So what is the story about?
For a long time now, I’ve been surrounded by my chosen family, people I’ve known since they were kids and who now have kids, and I’m now like an auntie to their kids. I’m observing my friends in a new way when I’m seeing the relationship between them and their children, and it’s a beautiful relationship. And then I’m coming home to write about that. I’m seeing that in the notebook.
Then, at the same time, I’m seeing Venezuela, the country I grew up in, totally on fire. Literally. I’m seeing an apocalypse. I’m seeing a mass exodus of over 2,000 people a day trying to leave the country that I grew up in, and it’s a country I cannot disassociate from my own mother. And actually, while we’re talking right now, it’s still happening.
So I’m seeing that in the notebooks. And then I’m also seeing that when I’m feeling that sort of frightened and insecure and heartbroken feeling, and experiencing that kind of struggle, I’m still listening to the same music I always have.
Also, I did a tour of Asia and spent a lot of time in Japan, and all of those things make it into the materials that make up the album as well.
Early in your career, your music was centered around just acoustic guitar and vocal, but you’ve expanded your range of instrumentation considerably since then. These days, what role does the guitar play in your writing and recording?
Well, in the beginning I was obsessed with Mississippi John Hurt. And I thought, Okay, this is it. This is the kind of guitar playing I want to play.
But then at the same time I also became really obsessed with Brazilian guitarists – Luiz Bonfá, Antônio Carlos Jobim, João Gilberto, Jorge Ben and, of course, Caetano Veloso. I just really loved them.
And then it led to this kind of British folk thing where I’m obsessed with Davey Graham, Nick Drake, John Martyn, Bert Jansch and John Renbourn, and then the American kind of counterparts like John Fahey, Leo Kottke and Tim Hardin.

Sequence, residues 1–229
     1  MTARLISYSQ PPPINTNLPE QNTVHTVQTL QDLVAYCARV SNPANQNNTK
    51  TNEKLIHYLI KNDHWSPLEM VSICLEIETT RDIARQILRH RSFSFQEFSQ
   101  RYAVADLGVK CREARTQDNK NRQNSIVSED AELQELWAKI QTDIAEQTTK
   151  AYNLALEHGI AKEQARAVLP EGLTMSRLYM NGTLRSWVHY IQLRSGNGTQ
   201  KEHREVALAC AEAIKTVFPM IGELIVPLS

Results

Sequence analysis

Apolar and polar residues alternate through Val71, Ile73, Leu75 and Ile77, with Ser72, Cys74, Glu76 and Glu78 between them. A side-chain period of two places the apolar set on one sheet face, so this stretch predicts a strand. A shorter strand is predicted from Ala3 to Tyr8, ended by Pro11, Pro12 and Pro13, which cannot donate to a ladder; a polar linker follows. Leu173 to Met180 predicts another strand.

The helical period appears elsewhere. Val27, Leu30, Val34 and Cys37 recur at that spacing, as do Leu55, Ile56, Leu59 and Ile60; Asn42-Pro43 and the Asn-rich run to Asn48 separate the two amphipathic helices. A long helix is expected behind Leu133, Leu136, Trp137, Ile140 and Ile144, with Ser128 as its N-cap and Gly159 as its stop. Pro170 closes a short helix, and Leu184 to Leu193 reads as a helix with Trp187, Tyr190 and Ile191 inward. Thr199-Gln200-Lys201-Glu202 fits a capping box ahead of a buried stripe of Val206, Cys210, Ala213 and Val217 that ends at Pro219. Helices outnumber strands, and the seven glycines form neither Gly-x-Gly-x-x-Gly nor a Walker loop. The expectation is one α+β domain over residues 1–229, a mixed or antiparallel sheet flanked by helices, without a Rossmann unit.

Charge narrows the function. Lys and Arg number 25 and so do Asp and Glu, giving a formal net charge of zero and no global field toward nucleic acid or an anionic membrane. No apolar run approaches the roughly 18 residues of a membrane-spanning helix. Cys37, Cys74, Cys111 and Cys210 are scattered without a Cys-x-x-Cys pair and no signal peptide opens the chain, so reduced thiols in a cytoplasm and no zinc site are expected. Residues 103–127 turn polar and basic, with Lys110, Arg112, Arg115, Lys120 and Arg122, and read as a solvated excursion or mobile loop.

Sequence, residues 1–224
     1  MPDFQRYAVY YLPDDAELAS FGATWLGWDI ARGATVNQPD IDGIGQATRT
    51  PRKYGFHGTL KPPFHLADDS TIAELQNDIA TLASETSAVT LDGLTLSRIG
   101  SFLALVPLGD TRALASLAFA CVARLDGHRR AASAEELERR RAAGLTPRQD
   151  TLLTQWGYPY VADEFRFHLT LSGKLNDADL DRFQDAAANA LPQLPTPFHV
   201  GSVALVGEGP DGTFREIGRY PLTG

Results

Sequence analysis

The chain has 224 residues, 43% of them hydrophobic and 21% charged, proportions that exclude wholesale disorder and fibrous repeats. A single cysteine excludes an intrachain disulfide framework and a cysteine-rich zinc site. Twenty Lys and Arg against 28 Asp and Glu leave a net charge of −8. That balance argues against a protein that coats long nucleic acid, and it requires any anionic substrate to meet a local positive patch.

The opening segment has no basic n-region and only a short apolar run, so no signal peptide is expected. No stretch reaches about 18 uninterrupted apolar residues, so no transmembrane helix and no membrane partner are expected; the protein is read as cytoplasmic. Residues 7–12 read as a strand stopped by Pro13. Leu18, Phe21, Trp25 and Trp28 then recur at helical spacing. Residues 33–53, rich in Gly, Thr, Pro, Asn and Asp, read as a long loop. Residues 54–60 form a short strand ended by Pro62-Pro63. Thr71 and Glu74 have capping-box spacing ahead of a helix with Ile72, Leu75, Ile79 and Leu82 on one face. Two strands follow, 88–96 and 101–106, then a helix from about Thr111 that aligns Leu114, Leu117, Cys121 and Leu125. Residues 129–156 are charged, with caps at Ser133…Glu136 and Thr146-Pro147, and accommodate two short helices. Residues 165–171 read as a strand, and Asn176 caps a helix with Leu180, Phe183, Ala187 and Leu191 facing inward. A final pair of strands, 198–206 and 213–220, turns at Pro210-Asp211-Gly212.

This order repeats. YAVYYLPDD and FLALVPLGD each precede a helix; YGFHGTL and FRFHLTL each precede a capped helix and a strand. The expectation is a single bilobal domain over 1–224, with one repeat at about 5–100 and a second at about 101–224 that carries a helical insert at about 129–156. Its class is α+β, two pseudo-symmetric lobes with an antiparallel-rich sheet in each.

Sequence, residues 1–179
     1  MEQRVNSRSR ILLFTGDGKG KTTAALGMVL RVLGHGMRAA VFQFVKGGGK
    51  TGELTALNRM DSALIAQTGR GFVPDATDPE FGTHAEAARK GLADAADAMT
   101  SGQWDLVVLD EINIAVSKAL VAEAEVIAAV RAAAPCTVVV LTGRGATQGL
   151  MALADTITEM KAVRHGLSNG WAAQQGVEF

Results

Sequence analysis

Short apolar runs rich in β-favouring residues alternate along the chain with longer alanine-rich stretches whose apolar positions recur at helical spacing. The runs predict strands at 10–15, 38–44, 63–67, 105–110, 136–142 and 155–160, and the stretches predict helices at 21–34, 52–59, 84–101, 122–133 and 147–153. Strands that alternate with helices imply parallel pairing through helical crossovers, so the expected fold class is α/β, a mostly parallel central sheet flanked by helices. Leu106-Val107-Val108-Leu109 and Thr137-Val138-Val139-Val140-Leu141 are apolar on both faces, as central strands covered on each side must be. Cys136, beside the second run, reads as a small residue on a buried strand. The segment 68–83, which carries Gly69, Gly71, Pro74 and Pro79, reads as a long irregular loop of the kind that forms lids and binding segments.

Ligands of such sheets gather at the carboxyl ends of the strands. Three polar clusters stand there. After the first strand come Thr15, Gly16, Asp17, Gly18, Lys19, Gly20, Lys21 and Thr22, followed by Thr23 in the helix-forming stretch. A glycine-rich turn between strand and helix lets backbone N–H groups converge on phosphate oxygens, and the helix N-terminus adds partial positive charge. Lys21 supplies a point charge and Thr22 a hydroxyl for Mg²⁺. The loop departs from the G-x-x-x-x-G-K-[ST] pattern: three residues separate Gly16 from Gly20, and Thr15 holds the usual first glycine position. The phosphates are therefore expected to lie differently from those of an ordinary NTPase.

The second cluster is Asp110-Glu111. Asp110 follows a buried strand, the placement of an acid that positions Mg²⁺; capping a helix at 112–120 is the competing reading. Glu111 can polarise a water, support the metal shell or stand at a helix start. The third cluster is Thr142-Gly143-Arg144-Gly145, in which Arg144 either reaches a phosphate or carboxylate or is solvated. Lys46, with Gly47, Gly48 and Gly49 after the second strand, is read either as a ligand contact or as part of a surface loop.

That’s not really answering your question, but the point is that I was really going for this, like, “guitar world,” where what I have is my guitar and it’s kind of all I need. Then things began to expand, and I had access to other instruments, and we kind of went nuts with that. I realized, Wow, this is a whole world. The records can be more orchestrated and there can be a lot of different instruments. But throughout every single record, it all begins with just me and an acoustic guitar.
What were your primary guitars on Ma?
I used a Hofner flamenco guitar for all of the nylon-string playing, and I had my mid-’60s [Fender] Jaguar that I used for all of the electric parts. And I had two amps: a small Danelectro DM10 and a Magnatone Varsity Deluxe.
Where did you record the album?
Well, we started at Honen-in, a temple in Kyoto, which is obviously not a recording studio. But we had one hour there, and then we continued in Northern California.
How did you wind up recording for one hour in a temple in Kyoto?